The GMB Method breaks down the journey into manageable chunks — lifts, negatives, and combinations. Lifts focus on elevating your body, building the strength and control necessary for the PHS. Negatives involve a controlled descent, enhancing your understanding of body positioning. And combinations? They’re where you start to see the magic happen, merging lifts and negatives to experience the full flow of a PHS.
Memorize These Three Key Insights: Indispensable Tools for Your Journey
Throughout your practice, three cues should be your constant companions:
- Arm Drive Pushing and “screwing” your arms into the floor for fully locked out elbows.
- Hip Lift. Pulling and compressing your hips into your core as well as up to the sky.
- Leg Abduction: Toe points and fully opening legs as you extend.
These aren’t just simple words; they’re your secret weapons, integral to every movement leading up to a flawless PHS. They ensure your form stays impeccable, your movements precise, and your body in perfect harmony.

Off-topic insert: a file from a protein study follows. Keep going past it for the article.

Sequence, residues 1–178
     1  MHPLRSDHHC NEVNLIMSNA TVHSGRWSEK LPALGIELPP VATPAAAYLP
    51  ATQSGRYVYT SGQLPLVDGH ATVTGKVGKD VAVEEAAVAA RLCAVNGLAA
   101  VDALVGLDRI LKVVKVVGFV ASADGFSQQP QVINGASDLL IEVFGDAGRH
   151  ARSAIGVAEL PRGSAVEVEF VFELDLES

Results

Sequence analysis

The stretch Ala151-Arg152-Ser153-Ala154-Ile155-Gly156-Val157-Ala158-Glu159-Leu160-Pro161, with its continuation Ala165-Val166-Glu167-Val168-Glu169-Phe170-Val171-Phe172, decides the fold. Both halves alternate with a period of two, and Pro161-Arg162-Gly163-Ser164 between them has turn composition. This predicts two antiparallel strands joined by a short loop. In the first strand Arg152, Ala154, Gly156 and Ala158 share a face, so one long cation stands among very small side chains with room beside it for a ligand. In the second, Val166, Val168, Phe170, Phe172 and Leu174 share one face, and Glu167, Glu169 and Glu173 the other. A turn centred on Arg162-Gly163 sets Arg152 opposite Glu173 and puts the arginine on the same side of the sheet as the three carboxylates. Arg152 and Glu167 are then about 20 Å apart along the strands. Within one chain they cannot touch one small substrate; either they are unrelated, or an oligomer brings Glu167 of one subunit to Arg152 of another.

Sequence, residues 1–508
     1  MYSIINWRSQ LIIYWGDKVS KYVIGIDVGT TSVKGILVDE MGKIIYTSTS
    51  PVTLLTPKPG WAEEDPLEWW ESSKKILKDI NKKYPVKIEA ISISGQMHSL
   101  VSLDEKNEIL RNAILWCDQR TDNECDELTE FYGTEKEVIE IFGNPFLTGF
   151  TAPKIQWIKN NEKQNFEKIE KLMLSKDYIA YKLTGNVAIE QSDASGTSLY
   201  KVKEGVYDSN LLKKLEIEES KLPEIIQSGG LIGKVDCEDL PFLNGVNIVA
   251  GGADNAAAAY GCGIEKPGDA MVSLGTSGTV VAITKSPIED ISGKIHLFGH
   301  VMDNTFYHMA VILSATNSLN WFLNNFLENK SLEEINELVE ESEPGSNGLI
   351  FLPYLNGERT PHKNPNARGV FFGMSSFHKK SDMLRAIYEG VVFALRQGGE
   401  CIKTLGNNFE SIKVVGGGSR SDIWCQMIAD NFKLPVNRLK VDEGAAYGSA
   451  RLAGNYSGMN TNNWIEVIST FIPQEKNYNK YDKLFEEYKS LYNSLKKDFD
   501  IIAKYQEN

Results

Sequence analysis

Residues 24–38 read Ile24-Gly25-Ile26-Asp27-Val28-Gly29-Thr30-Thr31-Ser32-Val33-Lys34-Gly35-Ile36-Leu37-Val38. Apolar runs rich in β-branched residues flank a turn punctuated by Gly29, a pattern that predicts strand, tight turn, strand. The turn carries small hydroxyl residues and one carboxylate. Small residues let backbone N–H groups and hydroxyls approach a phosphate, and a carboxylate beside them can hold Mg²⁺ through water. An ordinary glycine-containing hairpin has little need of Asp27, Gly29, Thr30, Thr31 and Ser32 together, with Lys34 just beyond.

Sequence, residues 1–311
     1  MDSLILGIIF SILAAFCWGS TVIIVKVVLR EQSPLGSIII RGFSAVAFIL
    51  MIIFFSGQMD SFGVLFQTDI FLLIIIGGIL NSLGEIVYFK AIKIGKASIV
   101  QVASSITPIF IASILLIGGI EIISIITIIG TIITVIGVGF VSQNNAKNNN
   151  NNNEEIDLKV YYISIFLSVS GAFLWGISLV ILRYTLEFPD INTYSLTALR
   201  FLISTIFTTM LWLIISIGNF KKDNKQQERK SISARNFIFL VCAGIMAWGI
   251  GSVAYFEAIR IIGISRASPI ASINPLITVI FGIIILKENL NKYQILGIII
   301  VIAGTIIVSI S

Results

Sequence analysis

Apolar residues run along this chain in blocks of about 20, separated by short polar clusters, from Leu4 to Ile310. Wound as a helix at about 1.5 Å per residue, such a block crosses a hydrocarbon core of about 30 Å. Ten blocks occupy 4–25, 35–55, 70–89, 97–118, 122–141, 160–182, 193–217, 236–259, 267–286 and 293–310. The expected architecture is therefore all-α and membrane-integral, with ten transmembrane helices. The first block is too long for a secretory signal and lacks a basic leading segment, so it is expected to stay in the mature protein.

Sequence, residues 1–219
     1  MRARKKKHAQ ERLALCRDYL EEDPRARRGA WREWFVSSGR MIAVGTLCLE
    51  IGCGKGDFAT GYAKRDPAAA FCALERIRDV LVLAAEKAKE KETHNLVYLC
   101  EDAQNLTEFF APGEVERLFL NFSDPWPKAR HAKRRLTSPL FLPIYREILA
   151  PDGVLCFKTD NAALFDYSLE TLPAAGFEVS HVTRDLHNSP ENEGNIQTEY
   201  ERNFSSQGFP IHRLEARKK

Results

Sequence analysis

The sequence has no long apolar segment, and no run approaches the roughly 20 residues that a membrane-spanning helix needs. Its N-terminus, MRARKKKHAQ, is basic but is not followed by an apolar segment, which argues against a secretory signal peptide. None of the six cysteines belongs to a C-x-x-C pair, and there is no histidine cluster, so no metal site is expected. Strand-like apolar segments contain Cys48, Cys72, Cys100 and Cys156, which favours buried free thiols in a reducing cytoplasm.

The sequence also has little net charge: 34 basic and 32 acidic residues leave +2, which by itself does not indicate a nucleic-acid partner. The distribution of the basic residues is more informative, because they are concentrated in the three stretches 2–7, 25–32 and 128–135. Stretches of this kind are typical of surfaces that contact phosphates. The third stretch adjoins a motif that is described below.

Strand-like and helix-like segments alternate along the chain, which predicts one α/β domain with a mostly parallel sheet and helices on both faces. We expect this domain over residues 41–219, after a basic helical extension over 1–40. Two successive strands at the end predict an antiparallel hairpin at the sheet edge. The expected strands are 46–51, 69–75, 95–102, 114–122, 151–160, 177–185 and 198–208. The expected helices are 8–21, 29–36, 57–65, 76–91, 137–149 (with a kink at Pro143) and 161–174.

Though there are all kinds of drills and exercises you can do to get to the press to handstand, these three cues should be in your head throughout, so they can be fully ingrained when you work on your attempts to press to handstand.
We’ll talk more about this as we go on, but I’m telling you about them now because of how important they are. And also incredibly important is setting up your foundation correctly right at the start. Learning to build the proper base now will save you a lot of headaches later on.
Building Your Foundation: Two Keys to Success
We work on building your base with these two pivotal elements. Nail these and you’ll be more than halfway there.
- The Hip Lift Position
- The Wall Handstand Negative
Let’s kick things off with the foundation of your success: mastering the initial setup. This means honing your skills in the Hip Lift position.